are united by a love of offbeat science, of underdog inventors like Fuller, Farnsworth, and Tesla, and of arcane facts.
Some study the physics of blimps; others talk about the speed of insects in meters per second, or of Napoleon’s reliance on aluminum. Open-ended engineering fits every definition of play: it occurs in a defined space, has rules, and its participants feel both joy and tension in its practice. Most projects take weeks or months of physically exhausting work, but there is an undeniable satisfaction in pressing the On button for the first time.
stopped smoothly next to me, and students in dark clothing hustled out. One yanked the blue tarp off the trailer to reveal the Volkswagen. Four guys grabbed the body of the Beetle from the trailer and struggled to lower it to street level. Success depended on securing two sets of rigging. One team would run the steel cable through a carabiner on a harness atop the car body. A second group would place a nylon rope through another carabiner on the car’s harness and use it to gently but quickly lower the car off the side of the bridge, like a dinghy off a cruise ship.
They crossed over to the southbound lane, and five minutes and 28 seconds after they had arrived, they were mere onlookers, pedestrians, and nothing could touch them. “Somebody get on the phone—call for pickup,” Johnson commanded.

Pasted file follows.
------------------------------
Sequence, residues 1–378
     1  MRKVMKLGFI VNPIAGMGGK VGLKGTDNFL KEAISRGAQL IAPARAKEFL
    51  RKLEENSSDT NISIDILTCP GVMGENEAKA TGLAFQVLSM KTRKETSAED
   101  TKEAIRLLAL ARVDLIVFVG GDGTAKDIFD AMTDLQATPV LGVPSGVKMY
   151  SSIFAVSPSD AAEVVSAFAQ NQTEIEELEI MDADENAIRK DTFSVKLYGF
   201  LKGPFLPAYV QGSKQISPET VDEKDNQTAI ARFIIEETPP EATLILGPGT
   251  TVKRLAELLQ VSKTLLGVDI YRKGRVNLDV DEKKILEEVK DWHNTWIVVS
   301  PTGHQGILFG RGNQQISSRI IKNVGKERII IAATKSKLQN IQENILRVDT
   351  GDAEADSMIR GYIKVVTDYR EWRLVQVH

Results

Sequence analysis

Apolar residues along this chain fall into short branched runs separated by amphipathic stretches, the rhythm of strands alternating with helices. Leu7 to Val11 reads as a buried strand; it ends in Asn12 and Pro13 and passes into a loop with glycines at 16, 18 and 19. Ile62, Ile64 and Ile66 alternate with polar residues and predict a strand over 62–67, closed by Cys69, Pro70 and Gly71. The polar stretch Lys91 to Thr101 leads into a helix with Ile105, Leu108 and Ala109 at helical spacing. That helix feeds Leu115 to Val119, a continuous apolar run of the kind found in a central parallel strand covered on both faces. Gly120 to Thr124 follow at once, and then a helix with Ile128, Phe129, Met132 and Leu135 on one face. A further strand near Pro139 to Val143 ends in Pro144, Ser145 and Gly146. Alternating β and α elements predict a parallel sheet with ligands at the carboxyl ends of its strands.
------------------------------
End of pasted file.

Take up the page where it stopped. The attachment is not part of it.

Two hours later, driving through Stanley Park, looking for their handiwork in the predawn, the team listened as an AM radio station did morning traffic: “On the Lions Gate this morning, you’re going to have to look out for a disabled car—under the bridge.” Johnson looked satisfied. An older man in a bike helmet pedaled by in the gray light and called out, in a shy but conspiratorial tone, “UBC engineers!” The group cheered.
In a few hours, the incident received coverage from Reuters (“Engineered to Bug You?”), the Vancouver Province (“Car Drop Scores”) and international television. Rumors flew that the police might look for suspects on the bridge’s security footage. All day Monday, detectives questioned any student who came to Stanley Park to view the car, but by the time summer break rolled around, the police hadn’t made any arrests.
After years of post-9/11 security and paranoia, it was impressive to see a little creative mischief for the hell of it. And in the end, the Beetle-hanging wasn’t just a stunt. It was a chance to learn the essentials of problem-solving—simplicity, planning, skill—by causing problems. — “Engineering Pranks 101“ / Popular Science